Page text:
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I use the following code to include an Applet in a ScrollPane into my view for my eclipse plugin:

    public void createPartControl(Composite parent) {

        composite = new Composite(parent, SWT.EMBEDDED);
        final Frame frame = SWT_AWT.new_Frame(composite);
        frame.setLayout(new BorderLayout());

        Panel panel = new Panel();
        panel.setSize(WIDTH, HEIGHT);
        pap = new ProcessingEmbedded2();       
        ScrollPane pane = new ScrollPane(ScrollPane.SCROLLBARS_AS_NEEDED);

        panel.setLayout(new BorderLayout());
        panel.add(pap, BorderLayout.CENTER);

        frame.add(pane, BorderLayout.CENTER);

public class ProcessingEmbedded2 extends Applet {


This worked fine in the Eclipse RPC/For plugin developers, but now I tried to run the plugin in another eclipse client. And there the ScrollPane causes the plugin to freeze the whole client. I'm sure it is the ScrollPane, because if I remove this part of the code (i.e. I add the applet directly to the panel without the ScrollPane), the plugin runs as it should. Does anybody know the problem that causes this freeze?

share|improve this question
Try to get thread stack traces with jstack to see where it's at. – Martti Käärik Jan 13 '12 at 10:24

It appears that you are having a platform specific issue GUI issue which is specifically caused by the system attempting to create the ScrollPane.

The test you ran was a good one - removing the ScrollPane to rescue the crash certainly implies that this issue is related , specifically, to that GUI component ... or some component which the ScrollPane depends on.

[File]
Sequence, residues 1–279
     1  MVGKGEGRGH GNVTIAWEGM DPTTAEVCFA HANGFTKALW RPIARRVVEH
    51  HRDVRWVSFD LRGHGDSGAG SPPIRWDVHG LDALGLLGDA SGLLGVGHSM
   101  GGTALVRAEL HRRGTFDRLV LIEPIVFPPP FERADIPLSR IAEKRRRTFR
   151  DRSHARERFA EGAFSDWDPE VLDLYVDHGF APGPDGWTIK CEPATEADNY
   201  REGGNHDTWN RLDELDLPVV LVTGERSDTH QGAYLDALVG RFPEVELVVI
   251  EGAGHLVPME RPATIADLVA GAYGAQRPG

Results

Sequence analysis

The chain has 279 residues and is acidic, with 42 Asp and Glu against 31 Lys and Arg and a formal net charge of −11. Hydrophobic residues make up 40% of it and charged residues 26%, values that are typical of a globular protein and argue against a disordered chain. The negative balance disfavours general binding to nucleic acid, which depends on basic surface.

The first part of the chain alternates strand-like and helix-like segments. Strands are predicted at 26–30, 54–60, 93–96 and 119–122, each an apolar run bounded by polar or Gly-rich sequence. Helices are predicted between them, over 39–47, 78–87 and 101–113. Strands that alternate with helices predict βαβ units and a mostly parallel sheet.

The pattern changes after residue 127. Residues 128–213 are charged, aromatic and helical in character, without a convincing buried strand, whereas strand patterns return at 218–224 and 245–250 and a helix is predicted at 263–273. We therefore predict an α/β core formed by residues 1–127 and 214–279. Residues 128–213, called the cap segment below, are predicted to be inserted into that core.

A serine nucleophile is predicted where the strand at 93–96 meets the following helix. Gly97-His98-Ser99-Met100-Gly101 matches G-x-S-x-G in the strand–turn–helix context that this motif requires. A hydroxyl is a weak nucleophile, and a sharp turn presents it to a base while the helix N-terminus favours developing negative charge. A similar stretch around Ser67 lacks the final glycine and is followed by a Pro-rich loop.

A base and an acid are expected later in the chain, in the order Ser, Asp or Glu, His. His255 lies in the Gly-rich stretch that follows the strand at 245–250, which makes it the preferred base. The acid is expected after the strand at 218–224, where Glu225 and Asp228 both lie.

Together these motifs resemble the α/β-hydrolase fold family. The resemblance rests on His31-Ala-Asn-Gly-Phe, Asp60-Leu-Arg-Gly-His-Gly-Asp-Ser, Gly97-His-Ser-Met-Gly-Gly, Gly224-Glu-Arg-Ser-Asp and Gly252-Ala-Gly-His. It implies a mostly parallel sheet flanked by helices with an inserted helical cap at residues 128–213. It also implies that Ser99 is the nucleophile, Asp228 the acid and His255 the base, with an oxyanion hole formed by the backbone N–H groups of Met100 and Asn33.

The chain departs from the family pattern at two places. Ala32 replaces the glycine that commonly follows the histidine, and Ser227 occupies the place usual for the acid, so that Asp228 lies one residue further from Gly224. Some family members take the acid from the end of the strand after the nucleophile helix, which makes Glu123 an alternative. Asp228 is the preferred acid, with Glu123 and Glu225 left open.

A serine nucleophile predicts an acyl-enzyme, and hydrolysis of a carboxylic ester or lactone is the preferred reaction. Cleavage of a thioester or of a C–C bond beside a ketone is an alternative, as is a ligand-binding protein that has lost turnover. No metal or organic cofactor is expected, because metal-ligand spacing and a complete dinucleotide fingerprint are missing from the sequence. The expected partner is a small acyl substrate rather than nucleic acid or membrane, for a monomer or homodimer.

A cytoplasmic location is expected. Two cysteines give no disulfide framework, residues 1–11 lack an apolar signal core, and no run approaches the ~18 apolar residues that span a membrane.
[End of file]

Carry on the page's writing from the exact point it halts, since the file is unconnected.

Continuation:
So the next question is - what is ScrollPane using to build itself ? Well, the answer, of course, is the AWT - i.e. the java Abstract Windowing Toolkit.

Unfortunately, since AWT components are tied to system components, you might run into a few corner cases where they dont work perfectly well. What to do in such a scenario ? One simple solution is to try using a Swing component.

So, since I'm assuming your using AWT's ScrollPane here - I would suggest swapping it out with the Swing JScrollPane. In my experience, the Swing components are much less likely to result in these sorts of quirks. However, there are pros/cons associated with each toolkit. But in my experience.. in general, if you have a program that is crashing on an AWT component, the corresponding Swing component might work better.

See :

share|improve this answer
Thanks but... are you sure ? I thought that the swt_awt tag meant you were embedding AWT in an SWT component ? I don't believe that the ScrollPane class exists in SWT : see – jayunit100 Jan 22 '12 at 0:03
Oh, sorry. You must be right then. – JB Nizet Jan 22 '12 at 0:06

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